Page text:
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[dih-klair] /dɪˈklɛər/
verb (used with object), declared, declaring.
to make known or state clearly, especially in explicit or formal terms:
to declare one's position in a controversy.
to announce officially; proclaim:
to declare a state of emergency; to declare a winner.
to state emphatically:
He declared that the allegation was a lie.
to manifest; reveal; show:
Her attendance at the rally declared her political allegiance.
to make due statement of, especially goods for duty or income for taxation.
to make (a dividend) payable.
Bridge. to bid (a trump suit or no-trump).
verb (used without object), declared, declaring.
to make a declaration.
to proclaim oneself (usually followed by for or against):
He declared against the proposal.
Cricket. (of a team) to surrender a turn at bat in an innings before ten players are put out.
Origin of declare
1275-1325; Middle English declaren < Latin dēclārāre to explain, equivalent to dē- de- + clārāre to make clear (clār(us) clear + -āre infinitive suffix)
Related forms
declarable, adjective
misdeclare, verb, misdeclared, misdeclaring.
predeclare, verb (used with object), predeclared, predeclaring.
redeclare, verb (used with object), redeclared, redeclaring.
undeclarable, adjective
3. aver, asseverate, state. 4. disclose, publish.
3. deny.
Synonym Study
3.Declare, affirm, assert, protest imply making something known emphatically, openly, or formally. To declare is to make known, sometimes in the face of actual or potential contradiction: to declare someone the winner of a contest. To affirm is to make a statement based on one's reputation for knowledge or veracity, or so related to a generally recognized truth that denial is not likely: to affirm the necessity of high standards. To assert is to state boldly, usually without other proof than personal authority or conviction: to assert that the climate is changing. To protest is to affirm publicly, as if in the face of doubt: to protest that a newspaper account is misleading. Unabridged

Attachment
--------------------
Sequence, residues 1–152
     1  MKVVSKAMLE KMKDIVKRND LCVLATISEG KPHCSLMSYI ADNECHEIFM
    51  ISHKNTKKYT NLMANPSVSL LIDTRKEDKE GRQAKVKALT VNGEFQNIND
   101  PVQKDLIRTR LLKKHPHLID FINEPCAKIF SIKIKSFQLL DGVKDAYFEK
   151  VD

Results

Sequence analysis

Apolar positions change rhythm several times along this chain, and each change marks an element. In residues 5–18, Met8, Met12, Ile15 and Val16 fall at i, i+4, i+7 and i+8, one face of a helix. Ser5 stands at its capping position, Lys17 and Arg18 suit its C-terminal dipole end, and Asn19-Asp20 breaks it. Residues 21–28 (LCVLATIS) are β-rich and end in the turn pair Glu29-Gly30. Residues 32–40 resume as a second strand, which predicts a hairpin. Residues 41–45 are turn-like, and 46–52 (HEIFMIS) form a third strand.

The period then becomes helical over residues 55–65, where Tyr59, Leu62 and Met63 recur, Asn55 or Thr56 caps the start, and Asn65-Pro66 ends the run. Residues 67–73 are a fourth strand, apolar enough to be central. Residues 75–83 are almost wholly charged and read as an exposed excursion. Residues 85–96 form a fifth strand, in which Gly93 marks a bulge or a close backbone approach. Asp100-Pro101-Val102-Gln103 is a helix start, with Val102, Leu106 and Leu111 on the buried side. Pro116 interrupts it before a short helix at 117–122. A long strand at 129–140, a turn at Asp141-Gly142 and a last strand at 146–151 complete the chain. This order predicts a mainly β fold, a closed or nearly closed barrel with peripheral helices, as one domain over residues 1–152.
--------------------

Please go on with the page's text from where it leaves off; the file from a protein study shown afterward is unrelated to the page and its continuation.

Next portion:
Based on the Random House Dictionary, © Random House, Inc. 2018.
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British Dictionary definitions for declare


verb (mainly transitive)
(may take a clause as object) to make clearly known or announce officially: to declare one's interests, war was declared
to state officially that (a person, fact, etc) is as specified: he declared him fit
(may take a clause as object) to state emphatically; assert
to show, reveal, or manifest: the heavens declare the glory of God
(intransitive; often foll by for or against) to make known one's choice or opinion
to make a complete statement of (dutiable goods, etc)
(also intransitive) (cards)
  1. to display (a card or series of ards) on the table so as to add to one's score
  2. to decide (the trump suit) by making the final bid
(intransitive) (cricket) to close an innings voluntarily before all ten wickets have fallen
to authorize the payment of (a dividend) from corporate net profit
Derived Forms
declarable, adjective
Word Origin
C14: from Latin dēclārāre to make clear, from clārus bright, clear
Collins English Dictionary - Complete & Unabridged 2012 Digital Edition
© William Collins Sons & Co. Ltd. 1979, 1986 © HarperCollins
Publishers 1998, 2000, 2003, 2005, 2006, 2007, 2009, 2012
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Word Origin and History for declare

early 14c., from Old French declarer "explain, elucidate," or directly from Latin declarare "make clear, reveal, disclose, announce," from de- intensive prefix (see de-) + clarare "clarify," from clarus "clear" (see clear (adj.)). Related: Declared; declaring.

Online Etymology Dictionary, © 2010 Douglas Harper
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